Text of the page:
Mistral’s works, both in verse and prose, deal with the basic passion of love as seen in the various relationships of mother and offspring, man and woman, individual and humankind, soul and God.
A dedicated educator and an engaged and committed intellectual, Mistral defended the rights of children, women, and the poor; the freedoms of democracy; and the need for peace in times of social, political, and ideological conflicts, not only in Latin America but in the whole world. She always took the side of those who were mistreated by society: children, women, Native Americans, Jews, war victims, workers, and the poor, and she tried to speak for them through her poetry, her many newspaper articles, her letters, and her talks and actions as Chilean representative in international organizations.
But it is her poems on food that I most love as shown in these delicious samples:
The Nobel Prize in Literature 1926
Grazia Deledda wrote over thirty novels, four hundred short stories, a play, an opera-libretto, some poems and translated Balzac’s Eugénie Grandet into Italian in 1930.
[Deledda] belongs to more than just her own day. She does more than reproduce the temporary psychological condition of her period. She has a background, and she deals with something more fundamental than sophisticated feeling . . . what she does do is create the passionate complex of a primitive populace. –D.H. Lawrence
Although Grazia Deledda spent most of her adult life in Rome, much of her writing is set in Sardinia, where she was born.
Every publisher I had ever met had assured me that I would have to grow up and write novels before I could be taken seriously as a writer. The result of this was that I wasted much time and effort trying to turn myself into a novelist, and had become so depressed that I was unable to write at all.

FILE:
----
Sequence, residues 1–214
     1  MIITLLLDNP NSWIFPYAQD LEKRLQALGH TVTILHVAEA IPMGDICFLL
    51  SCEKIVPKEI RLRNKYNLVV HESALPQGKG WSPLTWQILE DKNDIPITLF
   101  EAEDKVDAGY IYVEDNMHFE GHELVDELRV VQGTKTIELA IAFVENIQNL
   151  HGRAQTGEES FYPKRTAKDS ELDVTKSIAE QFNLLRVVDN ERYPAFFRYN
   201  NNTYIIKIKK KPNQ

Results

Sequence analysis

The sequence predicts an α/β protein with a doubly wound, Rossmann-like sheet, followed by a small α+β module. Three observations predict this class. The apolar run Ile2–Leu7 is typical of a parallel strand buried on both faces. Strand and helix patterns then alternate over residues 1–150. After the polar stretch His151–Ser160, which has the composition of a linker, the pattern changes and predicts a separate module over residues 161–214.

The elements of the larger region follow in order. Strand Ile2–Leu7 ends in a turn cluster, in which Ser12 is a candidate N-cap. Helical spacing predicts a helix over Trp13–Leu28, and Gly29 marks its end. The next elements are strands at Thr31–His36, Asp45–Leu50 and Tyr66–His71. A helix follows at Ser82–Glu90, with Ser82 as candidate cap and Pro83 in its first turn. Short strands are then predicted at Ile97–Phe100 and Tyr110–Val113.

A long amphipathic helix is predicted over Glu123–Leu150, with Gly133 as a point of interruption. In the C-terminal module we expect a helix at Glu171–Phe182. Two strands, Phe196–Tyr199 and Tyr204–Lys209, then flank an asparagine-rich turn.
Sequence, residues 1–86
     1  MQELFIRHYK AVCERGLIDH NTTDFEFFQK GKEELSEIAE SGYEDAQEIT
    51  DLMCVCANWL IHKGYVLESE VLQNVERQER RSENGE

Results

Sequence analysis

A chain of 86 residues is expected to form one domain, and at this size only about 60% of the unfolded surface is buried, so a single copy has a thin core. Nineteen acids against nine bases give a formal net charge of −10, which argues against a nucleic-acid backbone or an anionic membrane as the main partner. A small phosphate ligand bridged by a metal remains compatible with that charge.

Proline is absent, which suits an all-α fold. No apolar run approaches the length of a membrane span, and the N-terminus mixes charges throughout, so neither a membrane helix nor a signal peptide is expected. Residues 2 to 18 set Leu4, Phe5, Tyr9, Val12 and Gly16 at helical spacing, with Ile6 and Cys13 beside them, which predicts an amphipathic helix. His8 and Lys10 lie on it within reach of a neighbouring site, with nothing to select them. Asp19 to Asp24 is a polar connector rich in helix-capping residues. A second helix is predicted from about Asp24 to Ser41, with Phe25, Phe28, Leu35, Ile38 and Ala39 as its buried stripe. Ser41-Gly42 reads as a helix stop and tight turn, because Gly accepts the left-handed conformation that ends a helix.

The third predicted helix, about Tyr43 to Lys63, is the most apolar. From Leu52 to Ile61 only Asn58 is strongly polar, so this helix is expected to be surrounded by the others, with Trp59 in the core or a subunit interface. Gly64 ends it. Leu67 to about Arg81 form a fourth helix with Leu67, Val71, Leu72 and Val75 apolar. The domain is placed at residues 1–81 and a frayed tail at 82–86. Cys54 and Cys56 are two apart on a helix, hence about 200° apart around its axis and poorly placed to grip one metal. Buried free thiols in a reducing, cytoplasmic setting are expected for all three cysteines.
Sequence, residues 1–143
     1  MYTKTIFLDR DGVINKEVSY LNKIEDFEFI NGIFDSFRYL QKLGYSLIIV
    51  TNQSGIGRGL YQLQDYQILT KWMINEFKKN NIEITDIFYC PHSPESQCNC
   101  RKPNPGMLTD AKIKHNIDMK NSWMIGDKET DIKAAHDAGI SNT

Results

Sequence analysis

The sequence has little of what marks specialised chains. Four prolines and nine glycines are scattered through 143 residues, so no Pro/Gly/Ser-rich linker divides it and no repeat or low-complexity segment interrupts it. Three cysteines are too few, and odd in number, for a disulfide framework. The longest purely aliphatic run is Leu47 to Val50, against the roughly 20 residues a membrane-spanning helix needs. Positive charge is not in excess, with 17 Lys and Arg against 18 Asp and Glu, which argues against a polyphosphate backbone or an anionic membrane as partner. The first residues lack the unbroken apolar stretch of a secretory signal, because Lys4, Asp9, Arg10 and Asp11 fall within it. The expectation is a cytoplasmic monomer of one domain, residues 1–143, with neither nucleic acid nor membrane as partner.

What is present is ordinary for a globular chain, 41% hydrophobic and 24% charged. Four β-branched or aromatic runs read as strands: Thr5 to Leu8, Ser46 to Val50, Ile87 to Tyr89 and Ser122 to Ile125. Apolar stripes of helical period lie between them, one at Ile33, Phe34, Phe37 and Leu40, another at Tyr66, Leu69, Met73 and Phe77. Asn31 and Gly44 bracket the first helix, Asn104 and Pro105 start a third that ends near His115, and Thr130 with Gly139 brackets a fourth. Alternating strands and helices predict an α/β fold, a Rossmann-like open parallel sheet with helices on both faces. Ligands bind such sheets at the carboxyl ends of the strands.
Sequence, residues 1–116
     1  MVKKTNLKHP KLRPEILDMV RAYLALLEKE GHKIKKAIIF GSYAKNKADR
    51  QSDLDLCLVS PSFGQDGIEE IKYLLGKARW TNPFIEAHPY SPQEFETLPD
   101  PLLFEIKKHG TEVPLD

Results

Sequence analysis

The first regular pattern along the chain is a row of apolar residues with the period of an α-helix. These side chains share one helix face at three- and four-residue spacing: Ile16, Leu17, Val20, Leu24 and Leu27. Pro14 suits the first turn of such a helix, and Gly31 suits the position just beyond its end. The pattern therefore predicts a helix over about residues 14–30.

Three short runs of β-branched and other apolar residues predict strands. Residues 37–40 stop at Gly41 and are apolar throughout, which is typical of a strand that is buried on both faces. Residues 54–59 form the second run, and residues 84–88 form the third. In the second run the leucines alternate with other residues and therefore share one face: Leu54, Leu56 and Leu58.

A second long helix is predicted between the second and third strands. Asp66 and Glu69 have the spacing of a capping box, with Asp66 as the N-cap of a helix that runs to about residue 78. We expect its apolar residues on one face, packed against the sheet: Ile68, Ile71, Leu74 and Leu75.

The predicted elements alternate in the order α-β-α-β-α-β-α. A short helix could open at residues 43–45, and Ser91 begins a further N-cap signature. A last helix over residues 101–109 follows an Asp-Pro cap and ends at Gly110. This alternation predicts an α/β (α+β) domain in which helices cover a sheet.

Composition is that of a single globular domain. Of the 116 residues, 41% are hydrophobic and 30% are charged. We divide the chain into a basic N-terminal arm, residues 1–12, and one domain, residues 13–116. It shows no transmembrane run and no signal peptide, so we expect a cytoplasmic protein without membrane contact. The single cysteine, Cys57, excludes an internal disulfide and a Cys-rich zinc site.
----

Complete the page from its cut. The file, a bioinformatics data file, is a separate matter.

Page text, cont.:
The first book I read by Alice Munro was Something I’ve Been Meaning to Tell You.
After that I was hooked and read everything of hers. She was my biggest literary fan.
Simply because April is National Poetry Month
I prefer movies.
I prefer cats.
I prefer the oaks along the Warta.
I prefer Dickens to Dostoyevsky.
I prefer myself liking people
to myself loving mankind.
Photographer: Mariusz Kubik
I prefer keeping a needle and thread on hand, just in case.
I prefer the color green.
I prefer not to maintain that reason is to blame for everything.
I prefer exceptions.
I prefer to leave early.
When I was at university I fell in love with my English professor.
He was teaching The Twentieth Century novel, in particular the novels of D.H. Lawrence.
My classes were in the morning and in the afternoon I would lie on my bed in the dorm and read Sons and Lovers, The Rainbow and Women in Love.
My room-mates, who were studying the sciences would pass by and ask me what I was doing.
“Studying,” I would say.
In reality I was dreaming of love. Continue reading
Some of you may have read Karen’s My Train of Thought’s On…awhile back on her Did You Know? Nobel Prizes Literature post.
If so, you might have noticed that out of 106 Nobel Prizes for Literature 13 have been awarded to women.
Okay. I won’t get into any equality debate. Or the men are better writers than women argument. (Yawn..Oh, sorry). All, I’ll say is have you read Herta Muller?
Her novels are a reflection of her own struggles of living under the repressed dictatorship of Ceausescu’s’ Romanian regime. They are filled with betrayals, rebellion, corruption and forced labor camps. To read any of them is heartbreaking and haunting.
Photo source: wikipedia.org
Recipients of Nobel prizes for literature often, in my opinion, win because of their humanitarian and political stance.
But that is not enough. Their writing must be stellar. Continue reading